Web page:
I sometimes say "y'all" at home in Vacationland, but it really feels necessary here in Hotlanta, even if the weather is relatively cool and rainy.
The New Church Leadership Institute is great, thus far, so engaging that I never got my knitting out once today. I generally need the handwork to keep my head focused in lectures, but today the material engaged me, particularly the lecture this morning by Donna Allen.
Acknowledging a call to New Church ministry scares me a little but excites me a lot at the same time. Allen's talk, which had elements of a sermon, too, asked the question, over and over, "Why plant new churches?" After all, plenty of existing churches have room for more people, right?
But the dwindling of mainline churches suggests it's time to begin again, I believe. The Bible, full of stories of communities needing to start over, holds ancient wisdom, images that help us see not the specifics of what we need to do to be the faithful but the underlying and overarching call to reach others with the message of God's love.
Can we, can church people, reach out to share that love with the disillusioned, the disappointed, the disenchanted and the disconnected? I think we can, if we open ourselves to simplifying.
Allen quoted a favorite passage this morning:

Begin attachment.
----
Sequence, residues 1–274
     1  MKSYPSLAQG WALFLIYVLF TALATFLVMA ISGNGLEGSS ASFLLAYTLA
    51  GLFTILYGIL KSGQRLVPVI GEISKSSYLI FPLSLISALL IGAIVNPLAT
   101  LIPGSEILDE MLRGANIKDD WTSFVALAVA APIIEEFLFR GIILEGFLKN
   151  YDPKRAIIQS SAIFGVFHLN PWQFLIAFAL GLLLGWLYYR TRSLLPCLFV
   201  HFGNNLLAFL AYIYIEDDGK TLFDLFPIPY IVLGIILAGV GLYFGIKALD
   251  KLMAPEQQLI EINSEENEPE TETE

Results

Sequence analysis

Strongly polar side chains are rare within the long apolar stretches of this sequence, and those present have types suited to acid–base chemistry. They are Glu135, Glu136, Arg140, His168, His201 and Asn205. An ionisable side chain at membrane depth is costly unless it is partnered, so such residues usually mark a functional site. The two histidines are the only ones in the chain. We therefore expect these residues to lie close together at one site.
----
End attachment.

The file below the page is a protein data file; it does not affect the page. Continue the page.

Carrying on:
Then the Lord answered me and said:
Write the vision;
make it plain on tablets,
so that a runner may read it.
Make it plain. That's the challenge, to strip away the layers and layers of denomination and local history and "we've always done it this way" and my own muttley background of Southern Baptist and Methodist and Presbyterian churches and six years in Episcopal school. It's the challenge for my colleagues working in new churches with people who use to be Church of Christ or Church of God or AOG or Nazarene or Pentecostal or Apostolic. So many people find their way to the UCC from a place of rejection or injury. We have our own intramural squabbles, our Congregational polity bumping up against the more hierarchical and organized tendencies of our E&R side. But the complexities of new congregations made up of so many different strains compel us to determine what is essential. What really matters?
Write the vision.
Make it plain.
It needs to be that simple.
If I figure out how to do it, I'll let you know…